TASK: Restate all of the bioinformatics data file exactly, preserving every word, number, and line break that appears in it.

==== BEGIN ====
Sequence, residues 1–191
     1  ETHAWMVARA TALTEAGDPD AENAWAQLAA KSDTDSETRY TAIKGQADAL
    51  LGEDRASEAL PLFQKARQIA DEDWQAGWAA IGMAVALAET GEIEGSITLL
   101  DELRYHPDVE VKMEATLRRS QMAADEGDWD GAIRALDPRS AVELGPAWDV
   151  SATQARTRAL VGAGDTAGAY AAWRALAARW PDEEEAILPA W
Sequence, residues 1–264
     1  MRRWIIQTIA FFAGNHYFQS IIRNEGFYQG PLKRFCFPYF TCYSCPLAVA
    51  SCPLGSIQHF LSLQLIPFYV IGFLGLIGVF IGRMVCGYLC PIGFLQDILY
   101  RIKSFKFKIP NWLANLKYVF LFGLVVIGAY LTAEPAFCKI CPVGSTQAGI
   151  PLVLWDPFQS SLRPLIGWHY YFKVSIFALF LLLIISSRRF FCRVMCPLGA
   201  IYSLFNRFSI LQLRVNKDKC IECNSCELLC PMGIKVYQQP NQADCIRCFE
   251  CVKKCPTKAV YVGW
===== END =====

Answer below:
Sequence, residues 1–191
     1  ETHAWMVARA TALTEAGDPD AENAWAQLAA KSDTDSETRY TAIKGQADAL
    51  LGEDRASEAL PLFQKARQIA DEDWQAGWAA IGMAVALAET GEIEGSITLL
   101  DELRYHPDVE VKMEATLRRS QMAADEGDWD GAIRALDPRS AVELGPAWDV
   151  SATQARTRAL VGAGDTAGAY AAWRALAARW PDEEEAILPA W
Sequence, residues 1–264
     1  MRRWIIQTIA FFAGNHYFQS IIRNEGFYQG PLKRFCFPYF TCYSCPLAVA
    51  SCPLGSIQHF LSLQLIPFYV IGFLGLIGVF IGRMVCGYLC PIGFLQDILY
   101  RIKSFKFKIP NWLANLKYVF LFGLVVIGAY LTAEPAFCKI CPVGSTQAGI
   151  PLVLWDPFQS SLRPLIGWHY YFKVSIFALF LLLIISSRRF FCRVMCPLGA
   201  IYSLFNRFSI LQLRVNKDKC IECNSCELLC PMGIKVYQQP NQADCIRCFE
   251  CVKKCPTKAV YVGW